Pension Requirements ?

Both employers and employees must make contributions to fund the General Social Security Regime (Regime Geral de Previdência Social), which is managed by the Brazilian Social Security Institute (Instituto Nacional do Seguro Social) (INSS). These contributions are paid monthly and tax rates may vary substantially. Employers and workers must make compulsory contributions to the Brazilian Social Security Agency. The authority provides the insurances for workers for death, accident, disease allowance and imprisonment allowances.

For pensions, each month employers must contribute the at least 8% of an employee’s total salary for FGTS purposes. Such a contribution is not deducted from the employee’s salary, as it is an obligation on the employer.

For 2015, employees must pay the following monthly contributions:

  • Up to BRL1,399.12 at a rate of 8%.
  • From BRL1,399.13 to BRL2,331.88 at a rate of 9%.
  • From BRL2,331.89 to BRL4,663.75 at a rate of 11%.

If employees earn above the cap the 11% rate is calculated only on the fixed amount of BRL4,663.75, regardless of the actual salary. Therefore, the current cap of social security contributions is BRL513.00 (11% of BRL4,663.75).

For other social security, such as injury compensation funds, Employers’ contribution is about 20% of gross salaries though may be more depending on the circumstances. For example, if the employees are subject to health hazardous working conditions, a further 1%-2% social security contribution is required. In total extra charges may raise the total rate to approximately 29%.

All contributions must be paid to the appropriate government agencies during the following month.

GEO Solutions or DIY Employment in Brazil?

Companies entering Brazil must make a decision whether to use their own resources for a Do-It-Yourself (DIY) approach, or to use a Global Employment Organization to handle payroll and employment responsibilities.  A GEO or Brazil Employer of Record solution makes it faster, easier and cheaper to deploy staff if they don’t have a Brazilian entity established that can run payroll.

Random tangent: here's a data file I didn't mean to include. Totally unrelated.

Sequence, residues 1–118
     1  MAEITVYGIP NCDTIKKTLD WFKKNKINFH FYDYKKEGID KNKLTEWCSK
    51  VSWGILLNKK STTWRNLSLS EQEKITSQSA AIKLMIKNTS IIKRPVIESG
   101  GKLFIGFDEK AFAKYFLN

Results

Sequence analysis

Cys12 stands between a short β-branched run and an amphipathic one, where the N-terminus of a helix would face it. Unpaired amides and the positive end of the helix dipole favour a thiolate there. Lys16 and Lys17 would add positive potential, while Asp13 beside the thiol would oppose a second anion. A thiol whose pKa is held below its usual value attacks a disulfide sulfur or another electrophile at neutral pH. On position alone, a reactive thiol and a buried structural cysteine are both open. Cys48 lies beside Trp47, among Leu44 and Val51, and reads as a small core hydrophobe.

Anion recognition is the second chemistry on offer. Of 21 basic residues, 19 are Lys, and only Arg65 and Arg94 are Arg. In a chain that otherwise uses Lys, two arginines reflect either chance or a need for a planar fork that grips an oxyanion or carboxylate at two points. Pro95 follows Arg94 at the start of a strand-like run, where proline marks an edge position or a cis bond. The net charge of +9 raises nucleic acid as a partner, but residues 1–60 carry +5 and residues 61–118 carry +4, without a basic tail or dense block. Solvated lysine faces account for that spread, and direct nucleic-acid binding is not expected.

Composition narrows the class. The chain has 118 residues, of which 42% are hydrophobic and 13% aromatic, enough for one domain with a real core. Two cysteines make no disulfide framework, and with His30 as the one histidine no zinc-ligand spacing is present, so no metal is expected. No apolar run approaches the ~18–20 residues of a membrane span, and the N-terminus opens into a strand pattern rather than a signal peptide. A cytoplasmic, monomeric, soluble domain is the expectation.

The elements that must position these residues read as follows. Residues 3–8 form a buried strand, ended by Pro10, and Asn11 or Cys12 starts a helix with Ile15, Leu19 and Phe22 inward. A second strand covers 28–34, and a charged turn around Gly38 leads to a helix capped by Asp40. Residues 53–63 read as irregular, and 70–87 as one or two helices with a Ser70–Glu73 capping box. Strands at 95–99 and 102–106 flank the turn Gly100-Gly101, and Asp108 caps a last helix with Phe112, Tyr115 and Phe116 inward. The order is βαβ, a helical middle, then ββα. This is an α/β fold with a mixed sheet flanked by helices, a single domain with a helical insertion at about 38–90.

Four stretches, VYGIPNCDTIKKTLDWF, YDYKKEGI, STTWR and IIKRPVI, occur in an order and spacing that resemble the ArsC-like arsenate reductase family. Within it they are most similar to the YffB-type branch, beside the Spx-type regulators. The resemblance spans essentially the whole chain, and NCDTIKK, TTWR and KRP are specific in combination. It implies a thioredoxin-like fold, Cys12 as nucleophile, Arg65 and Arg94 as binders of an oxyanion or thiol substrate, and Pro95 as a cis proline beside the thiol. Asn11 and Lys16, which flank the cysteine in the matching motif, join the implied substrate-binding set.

A DIY approach will be delayed until there is a properly incorporated company or branch ready to run payroll and can be a costly option if registered capital is required. Shield GEO can deploy foreign staff in 4-6 weeks and local staff in 48 hours. Additionally Shield GEO is responsible for all compliance issues related to the employment.

Outsourcing Employment Through a GEO Employer of Record Service

Using Shield GEO Employer of Record Services in Brazil

Compliance with local employment requirements is just one of the issues foreign companies face when employing staff in Brazil. For companies which intend to employ their staff directly through their incorporated Brazilian entity, professional legal advice is recommended. Shield GEO provides an alternative path for companies to outsource the employment of their staff in Brazil.

As a Global Employer Organization (GEO), Shield GEO acts as the Employer of Record and ensures the employment is compliant with host country regulations regarding employment. In addition Shield GEO will handle payroll processing, tax and immigration. Using Shield GEO is the fastest and most cost effective way to deploy local and foreign workers into Brazil.

The Shield GEO solution is an attractive alternative where:

– the company is looking to employ staff quickly

– the company doesn’t have an appropriately incorporated entity in Brazil

– the company wants to work within a defined budget

– the company wants to limit its initial commitment in Brazil

– the company needs help with tax, employment, immigration and payroll compliance in Brazil

Shield GEO can contract directly with the company to employ and payroll their staff in Brazil. Shield GEO supplies local employment contracts for the staff which ensure that local statutory requirements are met covering issues such as termination, probation periods, leave entitlements and statutory benefits.  Shield GEO is able to advise companies how to cover local employment regulations whilst still providing consistent global employment policies. Understand more about outsourced employment through Shield GEO.

Payroll

Payroll Brazil
Management Fee for Employer of Record Services / Monthly Payroll Costs

Please contact us for a quote

Notes